February’s club meeting was both interesting and informative. The speaker, a certified master beekeeper, talked about many things. As always, I learned new techniques and got excellent beekeeping tips from the speaker’s experience. One notable idea for me was that drone activity in late March and early April is a good indicator of the hive’s desire to swarm. If drones are going out in the early morning and coming back in, they are not ready to mate. If they are going out in the early morning but not coming back in, they are congregating to mate with a virgin queen. This almost guarantees that there are queen cells in the hive with the solid probability that the hive is going to swarm.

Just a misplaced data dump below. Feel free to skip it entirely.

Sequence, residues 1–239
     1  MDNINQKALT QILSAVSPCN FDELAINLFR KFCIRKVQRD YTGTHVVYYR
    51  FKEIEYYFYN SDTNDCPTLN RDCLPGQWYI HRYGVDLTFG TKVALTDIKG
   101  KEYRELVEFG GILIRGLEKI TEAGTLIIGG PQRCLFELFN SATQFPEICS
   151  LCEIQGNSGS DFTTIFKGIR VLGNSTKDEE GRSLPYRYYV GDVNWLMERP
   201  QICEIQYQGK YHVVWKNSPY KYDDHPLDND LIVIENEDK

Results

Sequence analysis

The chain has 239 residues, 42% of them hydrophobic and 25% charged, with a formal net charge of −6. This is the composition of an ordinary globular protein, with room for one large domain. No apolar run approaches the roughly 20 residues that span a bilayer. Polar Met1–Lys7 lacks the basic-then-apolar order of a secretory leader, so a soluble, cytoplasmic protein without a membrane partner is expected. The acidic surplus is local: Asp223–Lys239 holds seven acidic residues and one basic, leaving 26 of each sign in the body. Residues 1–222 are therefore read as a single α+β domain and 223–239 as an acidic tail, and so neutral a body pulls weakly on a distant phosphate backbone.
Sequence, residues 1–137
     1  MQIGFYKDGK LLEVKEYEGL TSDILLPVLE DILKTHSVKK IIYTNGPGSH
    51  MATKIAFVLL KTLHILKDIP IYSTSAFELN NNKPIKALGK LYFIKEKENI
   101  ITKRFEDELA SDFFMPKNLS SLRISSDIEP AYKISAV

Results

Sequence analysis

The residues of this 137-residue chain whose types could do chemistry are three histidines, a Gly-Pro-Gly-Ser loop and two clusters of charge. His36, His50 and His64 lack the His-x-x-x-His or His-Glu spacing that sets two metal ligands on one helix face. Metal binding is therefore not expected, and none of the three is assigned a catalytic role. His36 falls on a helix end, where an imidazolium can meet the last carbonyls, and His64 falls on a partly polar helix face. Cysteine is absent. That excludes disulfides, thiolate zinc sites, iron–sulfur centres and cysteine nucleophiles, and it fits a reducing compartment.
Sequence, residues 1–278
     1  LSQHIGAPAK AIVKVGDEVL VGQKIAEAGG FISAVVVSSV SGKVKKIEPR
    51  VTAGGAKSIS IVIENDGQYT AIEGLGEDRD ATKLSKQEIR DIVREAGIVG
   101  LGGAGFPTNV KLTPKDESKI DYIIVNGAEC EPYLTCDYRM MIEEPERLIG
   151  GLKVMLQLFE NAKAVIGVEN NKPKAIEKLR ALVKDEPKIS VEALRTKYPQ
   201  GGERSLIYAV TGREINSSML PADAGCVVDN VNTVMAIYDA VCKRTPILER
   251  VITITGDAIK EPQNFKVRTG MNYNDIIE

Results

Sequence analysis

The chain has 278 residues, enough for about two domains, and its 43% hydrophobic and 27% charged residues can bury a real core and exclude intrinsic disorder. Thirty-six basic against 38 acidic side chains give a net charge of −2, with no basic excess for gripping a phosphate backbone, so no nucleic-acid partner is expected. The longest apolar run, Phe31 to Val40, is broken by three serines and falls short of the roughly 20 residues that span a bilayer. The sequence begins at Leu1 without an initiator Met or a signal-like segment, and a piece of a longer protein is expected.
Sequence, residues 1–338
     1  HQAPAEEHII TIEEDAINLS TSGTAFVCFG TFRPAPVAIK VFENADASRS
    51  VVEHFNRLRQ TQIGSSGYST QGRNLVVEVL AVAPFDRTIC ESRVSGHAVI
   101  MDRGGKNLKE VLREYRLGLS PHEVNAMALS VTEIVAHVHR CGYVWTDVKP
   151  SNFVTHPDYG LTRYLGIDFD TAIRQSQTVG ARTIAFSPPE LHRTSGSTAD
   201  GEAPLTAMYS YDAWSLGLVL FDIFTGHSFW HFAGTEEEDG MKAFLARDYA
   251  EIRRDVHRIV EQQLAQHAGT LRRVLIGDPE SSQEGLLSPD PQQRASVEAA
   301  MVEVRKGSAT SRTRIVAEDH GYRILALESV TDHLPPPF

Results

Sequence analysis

A hive management concept is that stacking more than 4 or 5 total supers during the honey flow can dilute the queen’s pheromone and cause summer swarming. A better way is to harvest by the frame – taking fully capped frames off and adding empty comb or foundation to the outsides of the honey supers. The partially capped comb is moved to the center. I tried this on a limited basis last year and found it worked well.
One other suggestion that I plan to try on one or two hives is to move the old queen into a nuc and either replace her with a queen cell or add a new queen to the hive. This nuc can be used to boost other hives.
These suggestions add to the richness of my experience. Beekeeping is a grand experiment!